Publication details

Hibernation temperature-dependent Pseudogymnoascus destructans infection intensity in Palearctic bats

Authors

MARTÍNKOVÁ Natália PIKULA Jiri ZUKAL Jan KOVACOVA Veronika BANDOUCHOVA Hana BARTONIČKA Tomáš BOTVINKIN Alexander BRICHTA Jiří DUNDAROVA Heliana KOKUREWICZ Tomasz IRWIN Nancy LINHART Petr ORLOV Oleg PIACEK Vladimir ŠKRABÁNEK Pavel TIUNOV Mikhail ZAHRADNÍKOVÁ Alexandra

Year of publication 2018
Type Article in Periodical
Magazine / Source Virulence
MU Faculty or unit

Faculty of Science

Citation
Web Full Text
Doi http://dx.doi.org/10.1080/21505594.2018.1548685
Keywords Chiroptera; fungal load fuzzy regression histopathology thermal preference white-nose syndrome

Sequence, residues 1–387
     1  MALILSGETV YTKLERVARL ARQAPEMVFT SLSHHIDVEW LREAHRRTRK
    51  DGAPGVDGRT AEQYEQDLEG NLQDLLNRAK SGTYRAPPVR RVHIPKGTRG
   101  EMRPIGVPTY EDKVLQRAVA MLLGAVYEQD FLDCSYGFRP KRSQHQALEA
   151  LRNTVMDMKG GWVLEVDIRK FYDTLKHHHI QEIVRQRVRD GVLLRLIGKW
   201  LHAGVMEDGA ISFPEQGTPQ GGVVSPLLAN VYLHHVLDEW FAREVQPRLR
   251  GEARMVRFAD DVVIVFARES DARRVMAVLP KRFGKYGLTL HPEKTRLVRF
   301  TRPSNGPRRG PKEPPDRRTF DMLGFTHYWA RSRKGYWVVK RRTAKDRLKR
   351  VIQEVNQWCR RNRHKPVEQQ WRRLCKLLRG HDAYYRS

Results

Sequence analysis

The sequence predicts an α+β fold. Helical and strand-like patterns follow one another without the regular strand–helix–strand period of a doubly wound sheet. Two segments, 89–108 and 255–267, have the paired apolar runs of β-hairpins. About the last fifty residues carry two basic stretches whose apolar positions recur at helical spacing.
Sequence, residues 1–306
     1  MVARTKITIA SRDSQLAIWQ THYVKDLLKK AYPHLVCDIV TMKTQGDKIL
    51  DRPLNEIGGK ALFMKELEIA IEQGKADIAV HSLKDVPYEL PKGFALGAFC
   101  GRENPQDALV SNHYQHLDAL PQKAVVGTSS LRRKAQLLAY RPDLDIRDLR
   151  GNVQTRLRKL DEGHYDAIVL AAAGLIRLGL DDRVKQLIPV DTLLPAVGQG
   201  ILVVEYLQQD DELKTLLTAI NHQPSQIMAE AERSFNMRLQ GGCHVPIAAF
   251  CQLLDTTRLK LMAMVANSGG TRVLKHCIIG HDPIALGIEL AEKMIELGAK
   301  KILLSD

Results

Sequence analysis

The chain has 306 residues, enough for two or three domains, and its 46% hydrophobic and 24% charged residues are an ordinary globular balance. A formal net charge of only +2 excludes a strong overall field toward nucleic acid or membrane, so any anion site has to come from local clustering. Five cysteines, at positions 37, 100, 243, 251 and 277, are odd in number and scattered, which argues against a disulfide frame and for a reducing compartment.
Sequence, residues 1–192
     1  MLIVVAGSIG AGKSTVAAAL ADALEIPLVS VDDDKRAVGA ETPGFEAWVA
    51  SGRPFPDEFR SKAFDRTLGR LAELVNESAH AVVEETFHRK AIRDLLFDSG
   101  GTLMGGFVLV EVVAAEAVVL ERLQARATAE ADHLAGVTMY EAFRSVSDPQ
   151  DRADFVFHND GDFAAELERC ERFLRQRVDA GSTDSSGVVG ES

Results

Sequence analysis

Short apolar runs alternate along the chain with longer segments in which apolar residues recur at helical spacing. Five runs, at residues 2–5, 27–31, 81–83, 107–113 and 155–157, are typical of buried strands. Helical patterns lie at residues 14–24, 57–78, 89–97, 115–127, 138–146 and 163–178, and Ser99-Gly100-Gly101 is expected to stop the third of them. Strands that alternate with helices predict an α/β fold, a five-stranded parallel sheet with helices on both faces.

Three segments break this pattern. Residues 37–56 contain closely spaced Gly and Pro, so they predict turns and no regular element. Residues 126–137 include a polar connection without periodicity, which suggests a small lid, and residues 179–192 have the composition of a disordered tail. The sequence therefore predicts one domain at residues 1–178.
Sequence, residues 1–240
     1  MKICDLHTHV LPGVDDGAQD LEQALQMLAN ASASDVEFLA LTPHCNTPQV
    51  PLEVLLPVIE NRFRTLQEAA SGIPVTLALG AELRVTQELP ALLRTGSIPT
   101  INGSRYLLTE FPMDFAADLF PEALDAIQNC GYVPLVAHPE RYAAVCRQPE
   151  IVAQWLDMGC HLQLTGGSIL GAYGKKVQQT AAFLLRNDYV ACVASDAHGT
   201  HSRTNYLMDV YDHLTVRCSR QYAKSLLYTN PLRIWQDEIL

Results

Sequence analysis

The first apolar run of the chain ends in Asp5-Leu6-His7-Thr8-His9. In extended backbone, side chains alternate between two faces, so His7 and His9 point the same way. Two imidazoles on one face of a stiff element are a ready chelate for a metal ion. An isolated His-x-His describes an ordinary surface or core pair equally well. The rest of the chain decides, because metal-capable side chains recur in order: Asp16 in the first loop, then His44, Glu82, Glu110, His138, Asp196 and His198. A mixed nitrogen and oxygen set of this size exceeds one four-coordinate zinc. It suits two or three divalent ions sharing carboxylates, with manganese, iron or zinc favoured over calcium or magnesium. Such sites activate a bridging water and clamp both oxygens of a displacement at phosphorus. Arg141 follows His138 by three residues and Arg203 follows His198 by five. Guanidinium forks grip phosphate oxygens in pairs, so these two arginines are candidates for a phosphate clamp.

Description White-nose syndrome (WNS) is a fungal disease caused by Pseudogymnoascus destructans that is devastating to Nearctic bat populations but tolerated by Palearctic bats. Temperature is a factor known to be important for fungal growth and bat choice of hibernation. Here we investigated the effect of temperature on the pathogenic fungal growth in the wild across the Palearctic. We modelled body surface temperature of bats with respect to fungal infection intensity and disease severity and were able to relate this to the mean annual surface temperature at the site. Bats that hibernated at lower temperatures had less fungal growth and fewer skin lesions on their wings. Contrary to expectation derived from laboratory P. destructans culture experiments, natural infection intensity peaked between 5 and 6°C and decreased at warmer hibernating temperature. We made predictive maps based on bat species distributions, temperature and infection intensity and disease severity data to determine not only where P. destructans will be found but also where the infection will be invasive to bats across the Palearctic. Together these data highlight the mechanistic model of the interplay between environmental and biological factors, which determine progression in a wildlife disease.